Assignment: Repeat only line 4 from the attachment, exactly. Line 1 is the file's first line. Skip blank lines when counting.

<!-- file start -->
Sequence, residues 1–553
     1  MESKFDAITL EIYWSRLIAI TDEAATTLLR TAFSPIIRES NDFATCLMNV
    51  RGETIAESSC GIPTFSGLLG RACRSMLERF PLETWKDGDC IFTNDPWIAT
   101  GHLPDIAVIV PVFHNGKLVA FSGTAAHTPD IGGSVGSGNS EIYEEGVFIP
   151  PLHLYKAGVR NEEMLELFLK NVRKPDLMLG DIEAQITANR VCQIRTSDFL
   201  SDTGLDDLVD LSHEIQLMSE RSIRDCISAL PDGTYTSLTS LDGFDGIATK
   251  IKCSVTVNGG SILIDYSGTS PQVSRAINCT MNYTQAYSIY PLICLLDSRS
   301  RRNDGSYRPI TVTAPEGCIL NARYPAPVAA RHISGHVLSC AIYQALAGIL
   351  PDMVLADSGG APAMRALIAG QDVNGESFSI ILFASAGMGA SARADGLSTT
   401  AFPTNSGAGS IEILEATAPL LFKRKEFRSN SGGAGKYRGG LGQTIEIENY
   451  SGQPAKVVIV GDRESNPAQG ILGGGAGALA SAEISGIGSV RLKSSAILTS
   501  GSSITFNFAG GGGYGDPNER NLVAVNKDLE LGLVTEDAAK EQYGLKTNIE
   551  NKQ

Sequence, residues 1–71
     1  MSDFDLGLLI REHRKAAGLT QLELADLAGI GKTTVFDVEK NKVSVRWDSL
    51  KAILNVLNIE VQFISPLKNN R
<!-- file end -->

   101  GHLPDIAVIV PVFHNGKLVA FSGTAAHTPD IGGSVGSGNS EIYEEGVFIP